Java while and do-while Loops

This lesson will explore the java while loop and java do-while loop. But first, let’s see what loops are in general.

What are loops in Java?

We use loops to execute a certain block of code or just one statement a controlled number of times.
The value of the logical expression controls the number of repetitions of a particular code block in loops.

This means that the statement or the code block would be repeated as long as the value of that logical expression is equal to true, and it will stop the moment the value of that logical expression becomes false.

There are three types of loops in Java:

In the previous tutorial, we covered Java for loopsIn this tutorial, we will cover while and do-while loops.

Java while loop

In the while loop, the execution of its body is repeated as long as the value of a logical expression is equal to true. This repetition is interrupted when the value becomes false.

The syntax of the while loop:

 while(expression) {
   // body of the loop
 }

The while loop is executed by first calculating the value of the logical expression in parentheses.  If a value obtained is equal to false, the while loop execution is immediately interrupted. This means that the rest of the loop is skipped, and program execution continues normally but continues from the code following the while loop.

If the value is equal to true, the loop’s body will execute. Then, the logical expression in parentheses is recalculated, and the same cycle is repeated until the value of the expression becomes false.

The flow of the while loop looks like this:

java while loop


Example of the Java while loop:

class Test {
    
  public static void main(String[] args) {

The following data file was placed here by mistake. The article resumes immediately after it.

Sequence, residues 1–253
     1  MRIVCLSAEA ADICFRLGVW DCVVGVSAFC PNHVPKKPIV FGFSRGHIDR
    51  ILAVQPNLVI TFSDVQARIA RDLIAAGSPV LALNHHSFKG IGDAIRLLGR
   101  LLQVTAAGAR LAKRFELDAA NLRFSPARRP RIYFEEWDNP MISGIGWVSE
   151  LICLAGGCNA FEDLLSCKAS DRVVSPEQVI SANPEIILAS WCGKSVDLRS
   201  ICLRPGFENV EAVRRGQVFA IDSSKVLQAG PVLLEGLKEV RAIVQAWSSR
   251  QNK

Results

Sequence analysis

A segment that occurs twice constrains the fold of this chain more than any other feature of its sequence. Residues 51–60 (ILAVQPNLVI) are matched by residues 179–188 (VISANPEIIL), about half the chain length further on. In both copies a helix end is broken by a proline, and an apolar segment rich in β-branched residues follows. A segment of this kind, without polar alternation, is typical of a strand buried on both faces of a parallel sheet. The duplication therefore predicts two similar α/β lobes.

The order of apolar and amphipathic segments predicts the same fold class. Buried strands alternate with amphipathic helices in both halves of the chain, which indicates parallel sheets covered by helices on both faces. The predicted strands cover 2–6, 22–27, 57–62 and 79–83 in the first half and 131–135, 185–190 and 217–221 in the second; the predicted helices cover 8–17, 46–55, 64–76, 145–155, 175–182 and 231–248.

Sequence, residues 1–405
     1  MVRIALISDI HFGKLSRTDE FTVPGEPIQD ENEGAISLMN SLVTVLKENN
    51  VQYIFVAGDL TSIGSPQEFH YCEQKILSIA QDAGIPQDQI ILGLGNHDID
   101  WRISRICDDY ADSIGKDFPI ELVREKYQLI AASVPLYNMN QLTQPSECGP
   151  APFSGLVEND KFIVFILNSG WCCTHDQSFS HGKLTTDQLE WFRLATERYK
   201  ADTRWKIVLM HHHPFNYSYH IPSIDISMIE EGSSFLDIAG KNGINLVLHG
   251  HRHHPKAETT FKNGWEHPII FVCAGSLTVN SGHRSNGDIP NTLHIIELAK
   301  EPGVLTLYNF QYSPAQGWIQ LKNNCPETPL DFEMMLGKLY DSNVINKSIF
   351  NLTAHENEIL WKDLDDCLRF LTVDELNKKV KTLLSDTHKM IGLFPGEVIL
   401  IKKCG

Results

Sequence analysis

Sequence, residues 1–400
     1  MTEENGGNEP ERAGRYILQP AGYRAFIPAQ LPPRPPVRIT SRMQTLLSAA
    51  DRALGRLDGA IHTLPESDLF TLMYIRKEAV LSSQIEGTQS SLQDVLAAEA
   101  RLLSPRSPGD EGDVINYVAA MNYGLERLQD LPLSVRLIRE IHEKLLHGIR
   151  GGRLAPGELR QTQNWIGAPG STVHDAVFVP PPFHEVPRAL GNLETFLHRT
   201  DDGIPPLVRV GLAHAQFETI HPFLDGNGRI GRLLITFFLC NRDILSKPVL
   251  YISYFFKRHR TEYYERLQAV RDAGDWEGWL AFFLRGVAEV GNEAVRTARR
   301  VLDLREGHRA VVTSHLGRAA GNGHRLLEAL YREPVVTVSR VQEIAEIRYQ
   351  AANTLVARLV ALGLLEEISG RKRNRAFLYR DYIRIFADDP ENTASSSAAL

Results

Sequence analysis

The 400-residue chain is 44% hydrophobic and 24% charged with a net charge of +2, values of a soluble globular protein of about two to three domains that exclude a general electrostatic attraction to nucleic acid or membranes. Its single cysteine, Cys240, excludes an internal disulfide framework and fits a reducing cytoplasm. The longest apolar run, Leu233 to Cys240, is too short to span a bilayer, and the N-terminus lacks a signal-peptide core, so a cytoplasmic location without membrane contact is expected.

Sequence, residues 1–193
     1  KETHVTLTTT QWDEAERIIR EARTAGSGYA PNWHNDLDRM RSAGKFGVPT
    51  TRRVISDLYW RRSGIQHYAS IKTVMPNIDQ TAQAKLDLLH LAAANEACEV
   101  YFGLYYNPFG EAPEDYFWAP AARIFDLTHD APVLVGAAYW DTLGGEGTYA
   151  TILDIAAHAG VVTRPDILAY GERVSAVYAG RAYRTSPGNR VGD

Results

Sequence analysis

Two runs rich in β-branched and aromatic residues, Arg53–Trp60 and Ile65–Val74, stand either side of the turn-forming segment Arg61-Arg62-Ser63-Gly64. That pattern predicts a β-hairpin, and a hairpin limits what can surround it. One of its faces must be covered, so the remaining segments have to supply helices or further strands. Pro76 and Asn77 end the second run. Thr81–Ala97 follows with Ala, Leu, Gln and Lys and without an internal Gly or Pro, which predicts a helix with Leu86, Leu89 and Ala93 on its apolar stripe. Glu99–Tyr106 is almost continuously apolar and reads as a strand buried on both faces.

int data = 5;
        
    while (data < 10) {
      System.out.println("Data: " + data);
      data++;
    }
        
    System.out.println("Code after the while loop...");
  }
}
Output: Data: 5 Data: 6 Data: 7 Data: 8 Data: 9 Code after the while loop…
 
See how we had to increase the value each time by one to prevent the infinite loop. The loop was executed until the data value equalled the number 10.

Java do-while loop

With the do-while loop, the body of the loop is executed once before the expression is checked.

The syntax of the do-while loop:

 do {
    // body of loop
 } while(expression);

Here, the body of the loop gets executed first. Then, the expression is evaluated, and if it evaluates to true, the loop’s body gets executed again. This process continues until the expression evaluates to false.

The flow of the do-while loop looks like this:

java do while loop


Example of the Java do-while loop:

class Test {
    
  public static void main(String[] args) {
    int data = 5;
        
    do {
      System.out.println("Data: " + data);
      data++;
    } while (data < 10);
      
    System.out.println("Code after the do-while loop...");
  }
}
Output: Data: 5 Data: 6 Data: 7 Data: 8 Data: 9 Code after the do-while loop…
 
Here, we also needed to increase the value of the data in each iteration to prevent an infinite loop.

Inside the curly braces, a loop body will be executed first at the beginning, regardless of whether the expression is false or true. The expression will be tested for the first time after the first execution of the loop bodyIf the value is true, the process gets repeated until it becomes false. If the value is false in the first iteration, the loop will terminate.

Take a look at another example:

class Test {
    
  public static void main(String[] args) {
    int data = 5;
        
    do {
      System.out.println("Data: " + data);
      data++;
    } while (data < 5);
      
    System.out.println("Code after the do-while loop...");
  }
}
Output: Data: 5 Code after the do-while loop…
 
Here, you see that although the result of the expression is equal to false at the beginning, the body of the loop is executed once. It’s because the expression testing comes after the loop’s body.

That’s it!

Leave a Reply

Your email address will not be published.